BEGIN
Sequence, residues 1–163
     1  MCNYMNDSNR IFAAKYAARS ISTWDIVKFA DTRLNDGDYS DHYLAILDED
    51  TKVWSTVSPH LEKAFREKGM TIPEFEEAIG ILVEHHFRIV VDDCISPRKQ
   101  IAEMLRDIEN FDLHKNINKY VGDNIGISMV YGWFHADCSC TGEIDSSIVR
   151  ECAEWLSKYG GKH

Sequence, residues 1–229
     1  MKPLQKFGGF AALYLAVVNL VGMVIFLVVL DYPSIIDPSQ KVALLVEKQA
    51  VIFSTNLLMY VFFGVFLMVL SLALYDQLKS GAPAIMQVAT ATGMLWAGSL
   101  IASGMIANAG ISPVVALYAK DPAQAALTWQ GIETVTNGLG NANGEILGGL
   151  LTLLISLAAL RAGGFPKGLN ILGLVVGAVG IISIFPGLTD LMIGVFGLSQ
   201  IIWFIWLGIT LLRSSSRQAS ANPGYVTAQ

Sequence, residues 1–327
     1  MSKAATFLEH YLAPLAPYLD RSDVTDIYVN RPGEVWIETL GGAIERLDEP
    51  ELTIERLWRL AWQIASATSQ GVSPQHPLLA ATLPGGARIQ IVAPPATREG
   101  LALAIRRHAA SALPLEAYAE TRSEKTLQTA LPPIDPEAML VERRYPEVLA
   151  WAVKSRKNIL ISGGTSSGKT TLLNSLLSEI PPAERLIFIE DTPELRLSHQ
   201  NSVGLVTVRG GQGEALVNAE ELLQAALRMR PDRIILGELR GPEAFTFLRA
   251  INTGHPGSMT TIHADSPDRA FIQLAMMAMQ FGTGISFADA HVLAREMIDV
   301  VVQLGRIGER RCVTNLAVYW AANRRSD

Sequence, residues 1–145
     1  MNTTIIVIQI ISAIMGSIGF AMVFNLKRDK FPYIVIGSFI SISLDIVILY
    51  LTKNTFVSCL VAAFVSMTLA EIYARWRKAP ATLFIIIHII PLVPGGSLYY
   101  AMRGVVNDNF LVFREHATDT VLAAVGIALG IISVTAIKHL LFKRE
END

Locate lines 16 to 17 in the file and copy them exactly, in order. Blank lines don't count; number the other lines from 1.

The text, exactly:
   151  WAVKSRKNIL ISGGTSSGKT TLLNSLLSEI PPAERLIFIE DTPELRLSHQ
   201  NSVGLVTVRG GQGEALVNAE ELLQAALRMR PDRIILGELR GPEAFTFLRA